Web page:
Ursus Bipedus: The Real-Life ‘Bigfoot’ Bear of the Smoky Mountains

In a stunning discovery, a team of researchers led by Ralf Sopoli at Kodiak Conservation Trust has announced a new species of bear has been discovered in the Smoky Mountains. This new species appears bipedal and has been dubbed real-life “Bigfoot.” 

This bear, which has been given the name Ursus bipedus, or “Bigfoot Bear,” by those closest to the project, was first spotted following a prescribed forest fire along Maple Branch on March 3rd that covered 377 acres. 

A forest ranger on the scene thought his eyes were playing tricks on him when the figure walked out of the smoke unscathed. Until recently, it has been believed that bears only stand on their hind legs when they feel threatened; but this bear has been recorded walking up to two miles on its hind legs, only dropping down to all fours when ducking under a particularly low-hanging branch. 

The following image was released to the public on Friday, March 31st, 2023. It is believed to be the same bear spotted by the ranger. 

bigfoot bear

Initially, many experts dismissed the sighting as a misidentification or a hoax. However, after several more sightings were reported in the area, researchers decided to investigate further. DNA testing and analysis have confirmed that the bear is not directly related to the Smoky Mountain native black bear or a grizzly that wandered too far south. 

Dr. Jane Smith, a leading bear expert from Pioneer Tech Institute, said, “This is an incredible discovery. The Bigfoot myth has been around for years and is nearly as old as the Appalachian Mountains themselves. It’s incredible knowing that this bipedal bear could have been the source of that myth this whole time.” 

According to multiple accounts, “The Bigfoot Bear is a large, heavily muscled bear that stands over seven feet tall when fully upright. Its fur is thick and dark, and it has a distinctive ridge of fur along its spine.”

it’s still being examined as to why the bipedal bear has only just been discovered when the Bigfoot myth has been around for years. 

Dr. Rufus Whitaker, a prominent Bigfoot expert, had this to say about the discovery: “Well, I’ll be hogtied and hornswoggled. I’ve been looking for Bigfoot all my life, and it turns out he’s just a bear. I guess I’ll have to change my job title to ‘Bearfoot’ expert now.”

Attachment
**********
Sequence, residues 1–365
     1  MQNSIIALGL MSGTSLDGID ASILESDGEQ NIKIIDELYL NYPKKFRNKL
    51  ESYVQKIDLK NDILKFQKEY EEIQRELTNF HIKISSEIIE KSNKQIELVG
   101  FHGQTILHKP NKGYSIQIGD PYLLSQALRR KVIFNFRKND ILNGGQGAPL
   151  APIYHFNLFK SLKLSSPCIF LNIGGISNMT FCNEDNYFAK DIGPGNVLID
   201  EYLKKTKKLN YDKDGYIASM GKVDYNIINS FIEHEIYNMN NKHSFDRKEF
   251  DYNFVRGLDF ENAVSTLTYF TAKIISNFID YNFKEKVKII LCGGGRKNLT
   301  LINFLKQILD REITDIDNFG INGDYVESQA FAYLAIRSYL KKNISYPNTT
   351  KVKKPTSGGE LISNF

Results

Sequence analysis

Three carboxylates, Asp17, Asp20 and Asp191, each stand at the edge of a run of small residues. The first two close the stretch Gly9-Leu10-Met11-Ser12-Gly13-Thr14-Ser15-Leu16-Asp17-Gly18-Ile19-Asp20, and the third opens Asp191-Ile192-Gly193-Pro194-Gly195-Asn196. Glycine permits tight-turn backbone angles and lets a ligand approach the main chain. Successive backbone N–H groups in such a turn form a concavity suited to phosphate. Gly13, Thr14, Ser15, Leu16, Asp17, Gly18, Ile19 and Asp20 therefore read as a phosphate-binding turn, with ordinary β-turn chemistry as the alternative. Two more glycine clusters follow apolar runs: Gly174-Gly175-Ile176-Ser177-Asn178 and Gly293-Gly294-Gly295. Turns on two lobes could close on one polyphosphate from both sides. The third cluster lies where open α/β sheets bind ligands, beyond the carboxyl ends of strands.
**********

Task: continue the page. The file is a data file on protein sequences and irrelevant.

Despite the humorous reaction from some, this discovery is an important breakthrough in our understanding of the animal kingdom and the diversity of life on our planet. The Bigfoot Bear is a remarkable new species that reminds us that there is still so much to learn about the natural world around us.

While the discovery of the Bigfoot Bear may be shocking, it also serves as a reminder to keep an open mind and to always be on the lookout for new and exciting discoveries in the natural world. Who knows what other surprises the Smoky Mountains may have in store for us?


In the article, we mention the Smoky Mountain native black bear. Black bears are an iconic symbol of the Smoky Mountains National Park and have played an important role in shaping the region’s natural history. The Smoky Mountains are home to one of the largest populations of American black bears, and visitors to the park are often thrilled to catch a glimpse of these magnificent creatures.

Black bears are critical to the park’s ecosystem. Unfortunately, human-bear conflicts often arise when people leave food and garbage out in the open, which can lead to bears becoming habituated to humans and ultimately putting them in danger. This is where Appalachian Bear Rescue comes in. By supporting their efforts, you can help protect these majestic animals and ensure their continued existence in the Smoky Mountains.

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